|Labour||Seats 31||Seats +/- +3|
|Liberal Democrat||Seats 16||Seats +/- -7|
|Conservative||Seats 15||Seats +/- +1|
|Green Party||Seats 6||Seats +/- +2|
|United Kingdom Independence Party||Seats 1||Seats +/- +1|
|Independent||Seats 1||Seats +/- 0|
- Unitary Authority
- Seats up
- 24 seats up for election - Third
- Boundary change
Latest updates Bristol City Council
Brislington six-storey residential apartment block plans refused
Plans to build 49 homes behind a former office block in Brislington have been refused due to the impact on neighbouring businesses.
Applicant 515 Stockwood Road LLP said the future occupants of the site, likely on lower incomes, would have key bus routes, shops and services on their doorstep.
But Bristol City Council officers opposed the loss of employment land and said the residential use could spark noise complaints about established businesses nearby.
The proposals were for a terrace of nine three-bed houses and 40 flats, with 14 of them affordable.
They would have been built in a car park behind Orchard House, a five-storey former office block that is being extended and converted into 54 apartments.
Bristol joins calls to end the detention of immigrants and refugees
Bristol has joined a growing number of UK cities demanding an end to the detention of immigrants and asylum seekers.
A majority of city councillors backed a call from the Green Party group for the mayor to push for a change in immigration law and alternatives to immigration detention.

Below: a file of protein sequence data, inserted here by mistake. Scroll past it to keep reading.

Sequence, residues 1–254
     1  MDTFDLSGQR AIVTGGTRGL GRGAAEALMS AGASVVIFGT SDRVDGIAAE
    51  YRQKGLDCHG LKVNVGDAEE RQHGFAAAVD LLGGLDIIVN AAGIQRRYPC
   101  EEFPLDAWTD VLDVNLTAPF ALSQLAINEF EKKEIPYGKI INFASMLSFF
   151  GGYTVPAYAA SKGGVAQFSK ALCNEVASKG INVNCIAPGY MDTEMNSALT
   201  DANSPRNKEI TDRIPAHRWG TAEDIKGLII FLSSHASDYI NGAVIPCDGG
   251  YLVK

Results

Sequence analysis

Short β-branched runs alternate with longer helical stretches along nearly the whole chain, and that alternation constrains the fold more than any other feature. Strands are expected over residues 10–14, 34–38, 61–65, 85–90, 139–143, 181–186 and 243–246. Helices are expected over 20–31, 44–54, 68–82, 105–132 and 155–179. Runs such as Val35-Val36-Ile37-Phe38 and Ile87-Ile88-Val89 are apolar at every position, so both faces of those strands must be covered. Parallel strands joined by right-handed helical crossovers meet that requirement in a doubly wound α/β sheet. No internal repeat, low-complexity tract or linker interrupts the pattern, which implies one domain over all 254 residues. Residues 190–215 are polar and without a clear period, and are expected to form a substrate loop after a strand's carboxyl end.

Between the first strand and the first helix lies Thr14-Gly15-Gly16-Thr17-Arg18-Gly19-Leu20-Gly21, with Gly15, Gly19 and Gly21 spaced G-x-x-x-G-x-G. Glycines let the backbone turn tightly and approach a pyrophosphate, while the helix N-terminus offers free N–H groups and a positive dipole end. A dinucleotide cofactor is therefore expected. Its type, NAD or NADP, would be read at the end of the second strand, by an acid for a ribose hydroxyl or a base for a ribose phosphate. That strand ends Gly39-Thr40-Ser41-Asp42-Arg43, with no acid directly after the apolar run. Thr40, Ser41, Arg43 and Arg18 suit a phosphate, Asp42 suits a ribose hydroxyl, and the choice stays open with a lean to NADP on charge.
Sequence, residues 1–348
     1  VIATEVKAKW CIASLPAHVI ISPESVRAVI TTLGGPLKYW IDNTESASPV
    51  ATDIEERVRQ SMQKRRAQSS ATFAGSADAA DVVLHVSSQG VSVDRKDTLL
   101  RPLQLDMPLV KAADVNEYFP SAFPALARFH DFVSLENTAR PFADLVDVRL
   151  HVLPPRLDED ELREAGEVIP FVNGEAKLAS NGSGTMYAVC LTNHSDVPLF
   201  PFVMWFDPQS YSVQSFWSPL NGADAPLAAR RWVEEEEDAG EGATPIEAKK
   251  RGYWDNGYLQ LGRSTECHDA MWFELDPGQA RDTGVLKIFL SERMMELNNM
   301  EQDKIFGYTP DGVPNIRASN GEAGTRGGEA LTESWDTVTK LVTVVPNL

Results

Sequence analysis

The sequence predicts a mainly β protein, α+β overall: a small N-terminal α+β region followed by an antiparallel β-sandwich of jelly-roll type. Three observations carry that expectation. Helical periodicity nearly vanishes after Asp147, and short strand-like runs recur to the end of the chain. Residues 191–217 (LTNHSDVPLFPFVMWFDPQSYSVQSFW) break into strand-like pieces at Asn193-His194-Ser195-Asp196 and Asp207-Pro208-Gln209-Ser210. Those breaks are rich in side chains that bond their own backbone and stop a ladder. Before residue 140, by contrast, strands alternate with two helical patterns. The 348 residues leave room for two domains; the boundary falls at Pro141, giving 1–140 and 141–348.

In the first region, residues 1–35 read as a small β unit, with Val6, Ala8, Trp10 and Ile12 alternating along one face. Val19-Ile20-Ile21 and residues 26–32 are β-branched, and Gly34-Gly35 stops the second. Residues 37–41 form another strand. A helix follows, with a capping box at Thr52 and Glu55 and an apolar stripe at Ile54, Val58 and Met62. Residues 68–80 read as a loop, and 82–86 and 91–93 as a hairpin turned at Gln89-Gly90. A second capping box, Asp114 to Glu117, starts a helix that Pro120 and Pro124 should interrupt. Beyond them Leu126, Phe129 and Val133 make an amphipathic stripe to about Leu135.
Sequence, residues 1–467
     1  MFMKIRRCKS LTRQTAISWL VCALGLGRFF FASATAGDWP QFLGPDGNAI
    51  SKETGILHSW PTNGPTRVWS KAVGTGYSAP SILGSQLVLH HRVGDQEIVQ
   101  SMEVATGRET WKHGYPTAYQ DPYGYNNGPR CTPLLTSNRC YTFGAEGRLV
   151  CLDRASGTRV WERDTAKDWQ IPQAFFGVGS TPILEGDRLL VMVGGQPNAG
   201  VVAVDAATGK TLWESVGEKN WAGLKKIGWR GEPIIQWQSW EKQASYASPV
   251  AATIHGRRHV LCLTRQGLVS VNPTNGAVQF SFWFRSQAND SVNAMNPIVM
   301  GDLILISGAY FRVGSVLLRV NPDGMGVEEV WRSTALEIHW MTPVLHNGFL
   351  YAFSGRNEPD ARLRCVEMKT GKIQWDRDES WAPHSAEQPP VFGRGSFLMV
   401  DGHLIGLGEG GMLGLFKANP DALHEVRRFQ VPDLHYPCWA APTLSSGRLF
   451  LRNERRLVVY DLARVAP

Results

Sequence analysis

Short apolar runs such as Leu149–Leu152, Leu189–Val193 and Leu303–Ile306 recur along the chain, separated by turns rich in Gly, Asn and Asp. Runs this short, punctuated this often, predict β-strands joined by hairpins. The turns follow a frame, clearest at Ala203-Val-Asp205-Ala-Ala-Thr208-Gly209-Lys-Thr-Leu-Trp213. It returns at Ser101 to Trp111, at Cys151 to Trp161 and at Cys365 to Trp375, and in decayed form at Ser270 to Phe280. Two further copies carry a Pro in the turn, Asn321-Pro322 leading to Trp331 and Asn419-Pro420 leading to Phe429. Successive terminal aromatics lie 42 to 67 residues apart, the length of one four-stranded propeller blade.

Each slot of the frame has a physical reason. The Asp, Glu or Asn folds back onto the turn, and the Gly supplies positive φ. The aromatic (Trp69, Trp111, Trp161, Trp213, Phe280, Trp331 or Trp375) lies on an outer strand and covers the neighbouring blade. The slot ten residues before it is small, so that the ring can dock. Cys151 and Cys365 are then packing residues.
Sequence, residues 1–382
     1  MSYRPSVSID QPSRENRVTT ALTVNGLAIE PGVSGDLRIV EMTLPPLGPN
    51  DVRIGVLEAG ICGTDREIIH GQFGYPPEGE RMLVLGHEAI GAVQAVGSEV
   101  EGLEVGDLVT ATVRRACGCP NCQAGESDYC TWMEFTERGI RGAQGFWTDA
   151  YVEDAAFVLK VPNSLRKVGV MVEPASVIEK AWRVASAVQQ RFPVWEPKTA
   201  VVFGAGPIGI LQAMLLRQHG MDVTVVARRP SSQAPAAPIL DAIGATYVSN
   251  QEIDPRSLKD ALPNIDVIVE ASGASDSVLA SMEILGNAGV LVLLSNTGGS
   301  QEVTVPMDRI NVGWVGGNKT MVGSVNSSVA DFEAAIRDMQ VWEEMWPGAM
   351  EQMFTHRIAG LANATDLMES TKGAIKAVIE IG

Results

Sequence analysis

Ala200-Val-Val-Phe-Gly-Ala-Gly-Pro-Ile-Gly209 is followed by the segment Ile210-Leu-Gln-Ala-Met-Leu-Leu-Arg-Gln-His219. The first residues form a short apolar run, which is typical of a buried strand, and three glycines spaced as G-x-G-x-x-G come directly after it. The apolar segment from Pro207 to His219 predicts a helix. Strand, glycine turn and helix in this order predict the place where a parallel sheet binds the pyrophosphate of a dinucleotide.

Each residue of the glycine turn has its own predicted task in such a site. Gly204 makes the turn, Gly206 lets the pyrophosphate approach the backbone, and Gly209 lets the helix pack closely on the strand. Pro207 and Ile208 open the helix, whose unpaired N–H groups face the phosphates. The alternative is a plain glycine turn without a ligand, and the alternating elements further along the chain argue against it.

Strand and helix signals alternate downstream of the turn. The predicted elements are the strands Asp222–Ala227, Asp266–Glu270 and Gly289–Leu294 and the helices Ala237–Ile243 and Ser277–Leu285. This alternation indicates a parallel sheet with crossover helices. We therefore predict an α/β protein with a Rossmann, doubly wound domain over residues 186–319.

In supporting the motion, Bristol City Council has officially recognised that the Home Office holds people who have committed no crimes in prison-like conditions for months or even years in a clear breach of their human rights.
The UK is the only country in Europe to detain immigrants and asylum seekers indefinitely without any certainty of when they might be release or deported.
Campaigners from These Walls must Fall also attended Tuesday's meeting.
We want to stop seeing our neighbours and our friends being taken from us without warning and without anyone having any idea of when or if we’ll see them again.
Bristol Airport's expansion 'bonkers', says transport chief
Bristol Airport’s expansion plans are “bonkers”, according to the region's transport chief.
The airport wants to double maximum passenger numbers from 10m to 20m by the mid 2040s.
But all local authorities are facing a target of reducing their carbon emissions by 2036, with Bristol City Council voting to become carbon neutral by 2030.
“Carbon doesn’t know administrative areas or boundaries,” Bristol councillor Stephen Clarke told fellow members of the West of England Combined Authority (WECA) scrutiny committee.
North Somerset councillor Donald Davies said Bristol could be “massively working” to reduce pollution while the airport is working on an expansion scheme which is probably going to generate “as much extra carbon as Bristol is saving”.
Mr Clarke, who is the Green councillor for Southville, said: “I absolutely agree with you. I think it’s bonkers.”
But Conservative councillors Katherine Morris and Mark Weston said the airport expansion was in the best interests of the region.
The committee agreed to ask Weca about what level of support it could give to Bristol to meet its 2030 carbon target.
Bristol Airport’s plans for expansion are expected to come before North Somerset Council by the end of the year.